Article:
urban recycling

Recycle: Grass

Cue the Vivaldi and Rolling Stones…Spring has officially arrived! Your plants are waking up after their long winter nap, and so is your landscape grass. You are also probably scheduling your home yard service to start cutting your grass again on a routine basis (or perhaps you’re flexing your muscles and doing it yourself – good on ya!).

In this Garden to Table to Garden blog, we’d like to remind you of two important things:

1.     If you are using the right mowing height and frequency, you don’t need to bag your grass clippings. They can be mulched right back into your grass, which will help it retain moisture and nutrients. To further chop up long clippings, use a mulching mower or run the lawnmower over an area twice. Read more about that here from our friends at Texas A&M Water University.

2.     If you DO choose to bag your grass clippings, remember that fresh cut grass is a wonderfully important nutrient in your backyard compost. Green grass is a pure source of nitrogen in your backyard compost pile. Reminder, the four main ingredients in compost are: brown stuff (carbon sources like mulch, leaves, pine, and branches), green stuff (nitrogen sources like grass, food scraps, and coffee grinds), air and water…Even if you just saved your brown leaves and fresh grass clippings and layered them at home in an outdoor container, you will have easily created a rich compost for your soil by recycling what nature provided you.

Most of us are used to thinking about bagging grass clippings and leaves as waste for the landfill. We want to challenge you to rethink these natural resources in your home landscape.

PS, does your landscape turf need a little TLC after winter? sprinkling a fine layer of compost (called “top-dressing”) will surely help. Read more about that here.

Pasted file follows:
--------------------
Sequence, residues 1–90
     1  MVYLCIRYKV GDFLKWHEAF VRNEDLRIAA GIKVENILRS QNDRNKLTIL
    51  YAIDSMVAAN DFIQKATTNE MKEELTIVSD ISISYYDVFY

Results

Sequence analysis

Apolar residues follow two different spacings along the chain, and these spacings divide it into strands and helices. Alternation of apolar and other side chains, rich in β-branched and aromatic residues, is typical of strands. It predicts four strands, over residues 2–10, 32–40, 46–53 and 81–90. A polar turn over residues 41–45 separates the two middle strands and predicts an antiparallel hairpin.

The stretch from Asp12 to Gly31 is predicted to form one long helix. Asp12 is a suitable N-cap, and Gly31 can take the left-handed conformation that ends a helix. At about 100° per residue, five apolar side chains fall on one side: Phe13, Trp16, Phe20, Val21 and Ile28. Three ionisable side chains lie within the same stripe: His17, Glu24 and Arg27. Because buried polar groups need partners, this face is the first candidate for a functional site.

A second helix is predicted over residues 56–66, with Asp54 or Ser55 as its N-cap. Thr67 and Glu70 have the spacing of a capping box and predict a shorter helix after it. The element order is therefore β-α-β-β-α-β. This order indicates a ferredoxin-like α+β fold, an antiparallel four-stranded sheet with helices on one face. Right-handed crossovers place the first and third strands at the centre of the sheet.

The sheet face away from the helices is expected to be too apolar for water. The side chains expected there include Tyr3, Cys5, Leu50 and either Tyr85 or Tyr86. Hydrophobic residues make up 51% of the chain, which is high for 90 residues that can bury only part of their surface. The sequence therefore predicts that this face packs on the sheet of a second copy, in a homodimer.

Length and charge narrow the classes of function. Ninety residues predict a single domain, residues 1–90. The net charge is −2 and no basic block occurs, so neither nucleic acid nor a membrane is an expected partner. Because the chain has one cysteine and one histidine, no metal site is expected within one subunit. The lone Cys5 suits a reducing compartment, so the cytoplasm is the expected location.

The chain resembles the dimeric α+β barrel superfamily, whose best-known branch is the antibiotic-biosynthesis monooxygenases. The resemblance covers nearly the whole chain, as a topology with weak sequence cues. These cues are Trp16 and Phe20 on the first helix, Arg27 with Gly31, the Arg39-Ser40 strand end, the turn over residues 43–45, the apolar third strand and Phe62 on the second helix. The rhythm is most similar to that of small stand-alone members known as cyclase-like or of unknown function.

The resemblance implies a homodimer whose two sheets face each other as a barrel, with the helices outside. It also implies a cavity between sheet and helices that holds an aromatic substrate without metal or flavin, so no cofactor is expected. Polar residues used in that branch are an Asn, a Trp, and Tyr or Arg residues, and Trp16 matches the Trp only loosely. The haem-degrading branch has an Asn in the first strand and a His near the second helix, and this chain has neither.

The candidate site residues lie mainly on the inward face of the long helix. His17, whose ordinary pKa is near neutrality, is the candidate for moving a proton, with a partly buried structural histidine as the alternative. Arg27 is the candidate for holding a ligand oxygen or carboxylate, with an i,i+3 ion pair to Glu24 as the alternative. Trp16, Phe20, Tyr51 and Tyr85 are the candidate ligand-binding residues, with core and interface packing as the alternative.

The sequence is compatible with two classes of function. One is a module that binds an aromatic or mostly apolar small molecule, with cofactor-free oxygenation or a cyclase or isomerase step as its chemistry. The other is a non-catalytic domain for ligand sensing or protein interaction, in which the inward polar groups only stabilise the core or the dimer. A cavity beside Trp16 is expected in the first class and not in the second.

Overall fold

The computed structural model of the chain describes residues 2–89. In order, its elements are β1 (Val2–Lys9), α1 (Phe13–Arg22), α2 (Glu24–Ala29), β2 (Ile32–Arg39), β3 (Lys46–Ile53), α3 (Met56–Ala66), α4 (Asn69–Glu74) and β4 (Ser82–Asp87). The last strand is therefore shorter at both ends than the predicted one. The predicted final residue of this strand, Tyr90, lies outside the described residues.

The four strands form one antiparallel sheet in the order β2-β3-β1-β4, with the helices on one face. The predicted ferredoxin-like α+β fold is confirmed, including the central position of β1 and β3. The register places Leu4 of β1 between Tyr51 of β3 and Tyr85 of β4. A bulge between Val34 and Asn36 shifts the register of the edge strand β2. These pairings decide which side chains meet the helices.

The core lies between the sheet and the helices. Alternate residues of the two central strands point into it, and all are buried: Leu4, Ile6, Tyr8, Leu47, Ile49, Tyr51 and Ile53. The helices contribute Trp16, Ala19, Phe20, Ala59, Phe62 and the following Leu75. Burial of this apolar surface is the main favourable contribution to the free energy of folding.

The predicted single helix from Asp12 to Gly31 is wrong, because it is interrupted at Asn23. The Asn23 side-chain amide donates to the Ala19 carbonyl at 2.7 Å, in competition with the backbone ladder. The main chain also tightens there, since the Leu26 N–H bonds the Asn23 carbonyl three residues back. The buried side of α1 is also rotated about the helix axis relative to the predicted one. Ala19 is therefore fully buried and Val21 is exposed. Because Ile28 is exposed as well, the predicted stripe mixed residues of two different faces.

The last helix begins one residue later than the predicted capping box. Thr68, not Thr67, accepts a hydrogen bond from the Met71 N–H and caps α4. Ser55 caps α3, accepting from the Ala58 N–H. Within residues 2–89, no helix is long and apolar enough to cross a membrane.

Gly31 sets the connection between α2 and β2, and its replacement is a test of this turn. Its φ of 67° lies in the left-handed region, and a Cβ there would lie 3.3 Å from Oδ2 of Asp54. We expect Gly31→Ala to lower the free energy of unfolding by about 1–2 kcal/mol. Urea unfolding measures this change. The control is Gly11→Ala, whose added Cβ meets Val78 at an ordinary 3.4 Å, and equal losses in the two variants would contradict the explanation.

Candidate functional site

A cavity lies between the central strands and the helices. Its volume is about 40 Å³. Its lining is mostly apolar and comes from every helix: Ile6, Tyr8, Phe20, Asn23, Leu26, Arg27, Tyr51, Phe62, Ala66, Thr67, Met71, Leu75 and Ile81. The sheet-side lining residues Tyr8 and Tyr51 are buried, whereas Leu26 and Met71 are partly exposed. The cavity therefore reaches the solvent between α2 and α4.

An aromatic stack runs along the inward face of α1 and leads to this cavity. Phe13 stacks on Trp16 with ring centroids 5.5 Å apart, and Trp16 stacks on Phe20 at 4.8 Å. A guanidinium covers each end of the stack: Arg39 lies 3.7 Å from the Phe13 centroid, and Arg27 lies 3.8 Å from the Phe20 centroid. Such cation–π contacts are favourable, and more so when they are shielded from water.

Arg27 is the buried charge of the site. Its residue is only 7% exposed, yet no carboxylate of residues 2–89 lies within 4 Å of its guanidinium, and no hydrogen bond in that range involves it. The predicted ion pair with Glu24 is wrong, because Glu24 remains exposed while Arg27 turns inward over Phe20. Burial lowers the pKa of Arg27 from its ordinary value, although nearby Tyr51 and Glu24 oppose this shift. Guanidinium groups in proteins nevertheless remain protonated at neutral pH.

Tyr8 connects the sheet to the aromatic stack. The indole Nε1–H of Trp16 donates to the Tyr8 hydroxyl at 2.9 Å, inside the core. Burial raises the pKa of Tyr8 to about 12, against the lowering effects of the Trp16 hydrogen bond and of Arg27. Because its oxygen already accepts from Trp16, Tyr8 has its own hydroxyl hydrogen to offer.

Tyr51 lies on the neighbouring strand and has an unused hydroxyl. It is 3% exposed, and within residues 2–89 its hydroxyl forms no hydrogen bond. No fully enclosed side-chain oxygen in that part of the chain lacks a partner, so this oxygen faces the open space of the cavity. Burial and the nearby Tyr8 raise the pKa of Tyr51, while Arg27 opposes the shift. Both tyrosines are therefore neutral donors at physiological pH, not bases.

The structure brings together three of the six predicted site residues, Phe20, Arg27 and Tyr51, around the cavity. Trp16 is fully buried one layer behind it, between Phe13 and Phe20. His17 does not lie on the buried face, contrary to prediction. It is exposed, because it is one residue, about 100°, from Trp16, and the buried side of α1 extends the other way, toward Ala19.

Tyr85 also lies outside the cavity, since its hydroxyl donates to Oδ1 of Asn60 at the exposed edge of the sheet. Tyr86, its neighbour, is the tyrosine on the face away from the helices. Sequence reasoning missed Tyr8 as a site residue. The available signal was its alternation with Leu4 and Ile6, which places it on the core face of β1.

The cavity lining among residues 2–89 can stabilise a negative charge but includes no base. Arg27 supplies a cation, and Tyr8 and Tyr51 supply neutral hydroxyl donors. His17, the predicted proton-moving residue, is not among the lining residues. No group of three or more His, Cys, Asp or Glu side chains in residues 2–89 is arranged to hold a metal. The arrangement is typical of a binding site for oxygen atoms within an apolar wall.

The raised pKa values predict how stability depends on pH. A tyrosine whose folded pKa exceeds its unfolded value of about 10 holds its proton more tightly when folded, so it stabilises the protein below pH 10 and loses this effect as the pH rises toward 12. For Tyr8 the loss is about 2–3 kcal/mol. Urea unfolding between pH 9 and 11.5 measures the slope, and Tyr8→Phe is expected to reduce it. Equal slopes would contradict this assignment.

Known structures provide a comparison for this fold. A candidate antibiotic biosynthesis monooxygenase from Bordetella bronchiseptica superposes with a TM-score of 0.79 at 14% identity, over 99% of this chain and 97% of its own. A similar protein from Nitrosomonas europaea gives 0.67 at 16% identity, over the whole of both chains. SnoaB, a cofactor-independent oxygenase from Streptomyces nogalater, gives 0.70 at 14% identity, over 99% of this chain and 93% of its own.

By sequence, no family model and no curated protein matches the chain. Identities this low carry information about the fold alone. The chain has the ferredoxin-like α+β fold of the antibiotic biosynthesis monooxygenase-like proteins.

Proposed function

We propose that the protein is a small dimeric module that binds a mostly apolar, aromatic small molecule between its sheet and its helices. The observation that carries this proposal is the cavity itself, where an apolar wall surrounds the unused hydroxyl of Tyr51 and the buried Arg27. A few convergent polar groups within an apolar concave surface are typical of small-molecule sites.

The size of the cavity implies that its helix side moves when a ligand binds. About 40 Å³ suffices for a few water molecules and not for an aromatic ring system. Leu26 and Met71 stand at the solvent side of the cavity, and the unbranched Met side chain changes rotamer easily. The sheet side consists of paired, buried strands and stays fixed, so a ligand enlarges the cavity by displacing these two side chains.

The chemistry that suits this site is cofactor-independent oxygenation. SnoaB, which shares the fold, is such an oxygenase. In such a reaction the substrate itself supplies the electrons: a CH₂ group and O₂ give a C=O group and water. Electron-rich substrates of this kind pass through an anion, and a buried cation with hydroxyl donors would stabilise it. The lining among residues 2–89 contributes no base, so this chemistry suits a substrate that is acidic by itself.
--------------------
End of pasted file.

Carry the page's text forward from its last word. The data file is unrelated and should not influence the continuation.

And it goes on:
Cook: Winter Greens

January is a great time to buy and cook local winter greens - broccoli, chard, kale, spinach, collards…we hope you sauté, or braise, or steam these beauties at home for your family.

However, if you don’t think you will be able to cook them in time before they go bad, here’s a quick tutorial on how to blanch them and save them for a future date!

Blanching is a culinary term that means, “to cook an item partially and very briefly in boiling water or in hot fat.  Usually a pre-preparation technique, as to loosen peels of vegetables, fruits, and nuts, to partially cook French fries or other foods before service, to prepare for freezing, or to remove undesirable flavors.” [Source: “Professional Cooking”, Wayne Gisslen]

That’s a technical way to say: quickly cook at high temp, then chill immediately.

Here’s what you do:

1.     Chop up the greens. While chopping, put a pot of salted water on the stovetop and bring that water to a rapid boil.

2.     Once water is boiling vigorously, put the greens in and let them cook for 1-3 minutes. It is important to not let them boil for too long, as you will lose more nutrients and texture the longer they cook. Wait for them to turn a bright color and soften slightly…for thicker greens, boil slightly longer – more delicate greens only need 1 minute or so.